While deducing from the calendar who is likely to write an opinion from any given sitting is a matter of considerable speculation, there is reason to believe that Justice Scalia may be writing D.C. v. Heller . Should that prove to be true, it is worth recalling Justice Scalia's own definition of originalism, and his particular "originalist" understanding of the Second Amendment, at the time of the oral argument?
First, the general theory:
" The theory of originalism," explains Justice Scalia, "treats a constitution like a statute, and gives it the meaning that its words were understood to bear at the time they were promulgated. ... I don't care if the framers of the Constitution had some secret meaning in mind when they adopted its words. I take the words as they were promulgated to the people of the United States, and what is the fairly understood meaning of those words. "
Next, the particular:
Observed Justice Scalia, at the oral argument, "I don't see how there's any, any contradiction between reading the second clause as a personal guarantee and reading the first one as assuring the existence of a militia, not necessarily a State-managed militia because the militia that resisted the British was not State-managed. But why isn't it perfectly plausible, indeed reasonable, to assume that since the framers knew that the way militias were destroyed by tyrants in the past was not by passing a law against militias, but by taking away the people's weapons — that was the way militias were destroyed. The two clauses go together beautifully: Since we need a militia, the right of the people to keep and bear arms shall not be infringed.
"[Without the Second Amendment] s o long as it was up to the Federal Government to regulate the militia and to assure that they were armed, the Federal Government could disband the State militias."
What does this mean for Heller? At the very least, if originalism matters, it should mean that the gun-possession right — whether thought to be individually held or collectively held — is at the very least militia-related. Because:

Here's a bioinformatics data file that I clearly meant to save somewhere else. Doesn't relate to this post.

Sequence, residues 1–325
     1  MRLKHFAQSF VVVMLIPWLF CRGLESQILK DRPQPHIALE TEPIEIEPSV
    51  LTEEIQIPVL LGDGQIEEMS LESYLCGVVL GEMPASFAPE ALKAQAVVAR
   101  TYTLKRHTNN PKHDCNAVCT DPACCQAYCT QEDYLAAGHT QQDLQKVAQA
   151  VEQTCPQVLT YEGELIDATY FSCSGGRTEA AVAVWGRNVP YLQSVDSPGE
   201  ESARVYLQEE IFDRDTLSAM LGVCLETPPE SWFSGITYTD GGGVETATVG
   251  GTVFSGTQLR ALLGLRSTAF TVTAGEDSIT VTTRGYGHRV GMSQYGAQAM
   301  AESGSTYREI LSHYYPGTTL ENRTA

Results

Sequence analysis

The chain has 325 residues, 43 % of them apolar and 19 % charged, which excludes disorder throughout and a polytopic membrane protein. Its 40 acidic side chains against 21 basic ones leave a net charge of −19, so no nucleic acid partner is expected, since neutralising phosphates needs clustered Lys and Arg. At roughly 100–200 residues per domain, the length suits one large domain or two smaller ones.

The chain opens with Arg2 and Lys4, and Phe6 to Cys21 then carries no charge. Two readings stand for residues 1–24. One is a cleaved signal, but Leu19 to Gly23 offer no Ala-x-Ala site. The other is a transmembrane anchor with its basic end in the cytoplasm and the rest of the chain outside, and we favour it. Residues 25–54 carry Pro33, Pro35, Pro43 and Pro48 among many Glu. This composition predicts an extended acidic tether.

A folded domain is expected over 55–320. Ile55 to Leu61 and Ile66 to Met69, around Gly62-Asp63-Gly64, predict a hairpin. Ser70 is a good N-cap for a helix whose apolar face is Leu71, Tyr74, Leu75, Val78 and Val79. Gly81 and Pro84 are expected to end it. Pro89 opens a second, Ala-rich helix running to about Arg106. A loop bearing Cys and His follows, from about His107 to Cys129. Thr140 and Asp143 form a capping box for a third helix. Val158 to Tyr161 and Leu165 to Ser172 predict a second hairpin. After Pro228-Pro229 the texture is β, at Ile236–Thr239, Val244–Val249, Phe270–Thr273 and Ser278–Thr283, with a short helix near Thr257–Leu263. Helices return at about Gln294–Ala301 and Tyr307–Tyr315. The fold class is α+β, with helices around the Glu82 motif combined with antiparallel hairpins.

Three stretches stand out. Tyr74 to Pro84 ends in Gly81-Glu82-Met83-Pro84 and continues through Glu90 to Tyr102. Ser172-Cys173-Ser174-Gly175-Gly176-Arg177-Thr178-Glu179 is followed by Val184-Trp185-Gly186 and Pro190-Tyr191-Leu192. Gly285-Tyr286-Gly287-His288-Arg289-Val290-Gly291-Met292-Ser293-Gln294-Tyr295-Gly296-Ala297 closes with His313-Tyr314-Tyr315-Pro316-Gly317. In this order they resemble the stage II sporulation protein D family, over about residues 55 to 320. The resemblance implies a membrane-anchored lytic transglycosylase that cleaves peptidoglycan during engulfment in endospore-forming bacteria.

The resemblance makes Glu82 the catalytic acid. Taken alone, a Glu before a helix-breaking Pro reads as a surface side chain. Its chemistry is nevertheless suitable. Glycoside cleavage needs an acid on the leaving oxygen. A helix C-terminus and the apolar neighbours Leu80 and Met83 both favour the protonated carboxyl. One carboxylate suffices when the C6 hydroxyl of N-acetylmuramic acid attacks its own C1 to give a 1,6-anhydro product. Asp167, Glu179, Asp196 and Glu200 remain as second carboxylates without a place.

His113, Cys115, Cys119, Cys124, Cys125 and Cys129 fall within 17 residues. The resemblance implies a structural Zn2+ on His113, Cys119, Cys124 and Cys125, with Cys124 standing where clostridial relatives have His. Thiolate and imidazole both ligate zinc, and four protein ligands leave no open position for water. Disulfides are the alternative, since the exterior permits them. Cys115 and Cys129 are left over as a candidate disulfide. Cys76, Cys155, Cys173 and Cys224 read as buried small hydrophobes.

1. As understood at the time of ratification, the purpose and meaning of the Second Amendment was as a federalist check upon the feared abuse of Congress' Article I militia power as well as the historical risks associated with a standing army. The Second Amendment — like the original understanding of the Establishment Clause in the First Amendment, and the unenumerated rights retained by the Ninth, or the power reserved in the Tenth — is as a protection of the state, or the people within a state, as against the federal government. The Second Amendment has no application to the laws and ordinances of the District of Columbia, which are promulgated pursuant to the plenary power of Congress as delegated to the District.
2. Were the District a state, the Second Amendment would limit the ability of the federal Congress to interfere with the right described therein. What the scope of that right may be is not before the court, however, in this case. While, as indicated, militias at the time of the ratification of the Second Amendment were not all state-managed or -directed, all existing militias nevertheless did depend upon militia-eligible individuals possessing weapons in their homes that would then be made available for purpose of militia service.